Executive Order 2020-26 and Remote Online Notarization in Arizona
April 14, 2020
By Lauren M. Podgorski
One of the many aspects of daily life that has been disrupted by the COVID-19 pandemic is the ability to comply with statutory requirements as they relate to notarization and recording. In order to have a signature or document notarized, a person must “personally appear before or be in the presence of” a notary public—a concept that simply does not jive with social distancing.
Arizona has previously passed Senate Bill 1030, which authorized Arizona notaries to perform remote online notarizations, effective June 30, 2020. Now, by recent Executive Order 2020-26, “Remote Online Notarization,” issued by Arizona Governor Doug Ducey on April 8, 2020, remote online notarization may be used in Arizona, effective as of April 10, 2020.
How do I apply to become a remote online notary?
As of April 10, 2020, Arizona notaries can now apply to become a remote online notary. In order to apply, you must already be a current, active notary public in Arizona. You must also review both the Remote Online Notary Rules and the Electronic Notary Rules. Additionally, you will be required to contract with a vendor that provides the technology that you intend to use to perform the remote notarizations. The remote online notary application requires you to describe the technology you plan to use and to provide the name and web address for the supplying vendor. The link to begin the application process is on the Secretary of State’s website.
The Secretary of State will notify the applicant within 45 days of receipt of their application whether or not the notary is approved. If approved, the notary will receive a written authorization. If rejected, the Secretary of State will state the reasons for the rejection.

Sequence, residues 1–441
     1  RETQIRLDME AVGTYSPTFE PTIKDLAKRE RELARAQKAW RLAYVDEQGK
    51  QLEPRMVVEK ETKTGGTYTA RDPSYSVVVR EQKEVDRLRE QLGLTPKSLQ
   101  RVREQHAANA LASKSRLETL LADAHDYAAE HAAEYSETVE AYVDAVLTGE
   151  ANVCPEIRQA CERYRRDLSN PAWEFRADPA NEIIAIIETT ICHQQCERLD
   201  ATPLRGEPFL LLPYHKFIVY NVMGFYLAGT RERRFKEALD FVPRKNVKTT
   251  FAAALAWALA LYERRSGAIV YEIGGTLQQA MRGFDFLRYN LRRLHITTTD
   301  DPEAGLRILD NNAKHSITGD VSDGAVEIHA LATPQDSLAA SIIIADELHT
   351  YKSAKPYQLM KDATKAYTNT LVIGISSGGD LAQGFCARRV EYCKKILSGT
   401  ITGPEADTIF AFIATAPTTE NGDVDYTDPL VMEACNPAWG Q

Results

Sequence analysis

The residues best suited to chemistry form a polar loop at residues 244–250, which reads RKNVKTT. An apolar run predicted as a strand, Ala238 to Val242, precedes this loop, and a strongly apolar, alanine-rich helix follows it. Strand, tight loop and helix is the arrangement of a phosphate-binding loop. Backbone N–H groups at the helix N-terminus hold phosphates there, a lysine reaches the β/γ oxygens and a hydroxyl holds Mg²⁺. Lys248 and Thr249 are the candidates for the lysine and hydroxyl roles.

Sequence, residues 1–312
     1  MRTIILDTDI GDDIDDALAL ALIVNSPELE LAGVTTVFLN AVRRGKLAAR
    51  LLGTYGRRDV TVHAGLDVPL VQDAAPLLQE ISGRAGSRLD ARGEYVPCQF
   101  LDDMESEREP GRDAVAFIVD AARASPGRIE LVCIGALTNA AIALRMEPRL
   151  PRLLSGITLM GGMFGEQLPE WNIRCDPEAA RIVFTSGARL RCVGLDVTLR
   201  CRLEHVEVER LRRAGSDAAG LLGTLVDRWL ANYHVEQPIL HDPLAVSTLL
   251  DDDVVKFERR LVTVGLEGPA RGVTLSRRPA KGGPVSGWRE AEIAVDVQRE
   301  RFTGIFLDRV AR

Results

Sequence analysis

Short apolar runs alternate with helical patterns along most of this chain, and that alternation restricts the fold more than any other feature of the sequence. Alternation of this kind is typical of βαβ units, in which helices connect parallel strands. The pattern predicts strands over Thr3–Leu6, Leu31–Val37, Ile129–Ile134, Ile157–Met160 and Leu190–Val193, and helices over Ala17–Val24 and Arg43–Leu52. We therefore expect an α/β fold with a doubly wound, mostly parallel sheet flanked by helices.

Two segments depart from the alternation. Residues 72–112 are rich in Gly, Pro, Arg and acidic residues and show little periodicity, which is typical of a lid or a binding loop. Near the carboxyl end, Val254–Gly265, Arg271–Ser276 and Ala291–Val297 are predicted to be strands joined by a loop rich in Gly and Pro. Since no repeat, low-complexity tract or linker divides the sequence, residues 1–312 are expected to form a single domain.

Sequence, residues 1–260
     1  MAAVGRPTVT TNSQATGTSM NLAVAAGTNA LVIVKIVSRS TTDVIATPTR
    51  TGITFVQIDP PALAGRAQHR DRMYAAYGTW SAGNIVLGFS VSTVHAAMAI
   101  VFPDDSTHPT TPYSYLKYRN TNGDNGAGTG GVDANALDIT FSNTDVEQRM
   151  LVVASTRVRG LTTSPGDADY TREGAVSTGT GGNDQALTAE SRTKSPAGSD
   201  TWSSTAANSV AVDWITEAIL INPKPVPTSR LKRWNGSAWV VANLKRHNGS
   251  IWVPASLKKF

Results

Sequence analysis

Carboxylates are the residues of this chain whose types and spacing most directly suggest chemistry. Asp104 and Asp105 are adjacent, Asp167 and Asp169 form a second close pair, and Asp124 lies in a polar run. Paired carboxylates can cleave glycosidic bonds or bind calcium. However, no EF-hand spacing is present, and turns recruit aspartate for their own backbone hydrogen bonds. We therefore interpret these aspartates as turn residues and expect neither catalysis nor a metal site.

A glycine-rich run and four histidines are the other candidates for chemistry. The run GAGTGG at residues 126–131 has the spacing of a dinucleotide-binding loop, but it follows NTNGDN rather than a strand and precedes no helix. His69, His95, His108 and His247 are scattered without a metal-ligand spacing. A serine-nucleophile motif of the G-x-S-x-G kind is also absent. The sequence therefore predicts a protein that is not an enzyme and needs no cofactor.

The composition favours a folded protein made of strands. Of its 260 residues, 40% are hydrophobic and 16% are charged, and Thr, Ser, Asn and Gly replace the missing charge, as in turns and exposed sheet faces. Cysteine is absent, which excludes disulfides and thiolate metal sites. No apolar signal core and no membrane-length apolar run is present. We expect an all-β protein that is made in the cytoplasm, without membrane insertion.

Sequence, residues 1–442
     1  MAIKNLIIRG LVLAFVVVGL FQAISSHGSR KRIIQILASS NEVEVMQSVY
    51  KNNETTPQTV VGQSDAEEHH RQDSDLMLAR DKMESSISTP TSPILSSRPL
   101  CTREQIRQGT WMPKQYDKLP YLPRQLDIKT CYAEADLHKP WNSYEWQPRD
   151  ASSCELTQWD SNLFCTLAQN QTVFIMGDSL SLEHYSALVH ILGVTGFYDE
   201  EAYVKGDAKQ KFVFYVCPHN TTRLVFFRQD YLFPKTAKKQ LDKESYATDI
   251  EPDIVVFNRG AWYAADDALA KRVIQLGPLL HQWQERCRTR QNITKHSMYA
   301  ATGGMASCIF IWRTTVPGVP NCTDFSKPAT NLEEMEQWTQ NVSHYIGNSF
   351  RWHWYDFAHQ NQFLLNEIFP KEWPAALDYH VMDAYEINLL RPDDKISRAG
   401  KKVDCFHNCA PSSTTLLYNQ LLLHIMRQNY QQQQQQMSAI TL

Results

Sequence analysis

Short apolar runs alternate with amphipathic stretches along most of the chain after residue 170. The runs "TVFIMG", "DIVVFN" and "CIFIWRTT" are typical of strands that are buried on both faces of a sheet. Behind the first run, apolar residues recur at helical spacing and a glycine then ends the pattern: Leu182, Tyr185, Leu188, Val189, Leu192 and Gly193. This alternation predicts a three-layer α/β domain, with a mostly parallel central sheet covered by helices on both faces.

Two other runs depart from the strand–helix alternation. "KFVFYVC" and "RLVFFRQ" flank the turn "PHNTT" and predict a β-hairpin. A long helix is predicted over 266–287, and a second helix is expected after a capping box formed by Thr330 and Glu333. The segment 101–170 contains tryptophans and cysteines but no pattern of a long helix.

Following approval, if the notary later decides to use a different communication technology than the one specified in their application, the notary must submit an amendment stating same.
What technology vendor should I use?
You can use any vendor that meets the basic requirements set forth in the notary rules. While Arizona Secretary of State Katie Hobbs maintains that she is not endorsing any particular vendors, she provides these vendors as examples:
According to the notary rules, the communication technology must provide for “synchronous audio-visual feeds of sufficient video resolution and audio clarity” to enable the notary and the remote individual to see and hear each other. The technology must also include a way for the notary to confirm that the electronic record they are viewing is the same electronic record that the remote individual is signing. The technology must also have certain security measures in place to prevent unauthorized access to 1) the audio-visual feed live transmission, 2) the identity verification method, and 3) the electronic record that the remote individual is signing.
The notary rules contain specific standards for the identity verification process, so it would be helpful if the communication technology has an automated software process that could aid the notary in verifying the identity of the remote individual.
The notary is required to keep an electronic journal chronicling the audio-visual recording, stored by an industry-standard file format, in a manner that protects against unauthorized access and that does not include any images of the notarized electronic record. Many of the technology vendors have a built-in system for this electronic journal.